Kevin Anderson became only the third man to come from two sets down to beat Roger Federer in a Grand Slam tournament as he pulled off an epic comeback to knock out the defending champion in the Wimbledon quarterfinals.
Anderson achieved something only Jo-Wilfried Tsonga and Novak Djokovic had done before as he fought back to prevail, 2-6, 6-7 (5-7), 7-5, 6-4, 13-11, in a thriller that lasted four hours and 13 minutes on No.1 Court.
Federer had not dropped a set in his serene run through to the last eight at the All England Club, and the defending champion appeared poised for a relatively routine win when he went match point up in the third set.
But the big-serving and obdurate Anderson was undaunted by the situation, staying alive before turning the tide in his favor, preventing Federer from breaking his own record for consecutive sets won at SW19.
Neither player's defenses looked penetrable in a tense and absorbing fifth and for the most part there was little sign of the stalemate ending.
However, it was Federer who was stunningly the first to falter and Anderson took advantage to book a semifinal clash with either John Isner or Milos Raonic.
Despite winning three tiebreaks against Gael Monfils last time out, Anderson was second best in the shoot-out. A flourishing Federer backhand put him 4-2 up before a similarly impressive forehand gave him three set points, taking the third following a pair of uncharacteristic errors.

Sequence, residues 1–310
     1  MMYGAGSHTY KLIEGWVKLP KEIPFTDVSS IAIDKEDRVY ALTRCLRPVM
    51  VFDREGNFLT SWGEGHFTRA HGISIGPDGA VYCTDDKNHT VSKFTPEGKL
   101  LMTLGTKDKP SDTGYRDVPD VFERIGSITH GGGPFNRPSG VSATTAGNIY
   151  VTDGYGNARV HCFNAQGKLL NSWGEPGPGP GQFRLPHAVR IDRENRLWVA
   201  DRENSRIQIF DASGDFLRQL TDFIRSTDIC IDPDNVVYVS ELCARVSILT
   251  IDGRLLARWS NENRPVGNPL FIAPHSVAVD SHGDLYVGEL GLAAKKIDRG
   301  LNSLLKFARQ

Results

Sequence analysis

Anderson survived match point and then broke with a backhand down the line, going on to take the match to a fourth as Federer spurned three break points, an ace ending his run of 34 consecutive sets at Wimbledon.
Federer was unable to snatch an unexpected chance from 40-0 down as Anderson's resilience again came to the fore in the eighth game, and that proved his last opening as he was ultimately worn down.
A double fault gave Anderson a break point, Federer then firing into the net, and his hopes of a record-extending ninth Wimbledon title were ended as he was unable to return a huge serve down the middle.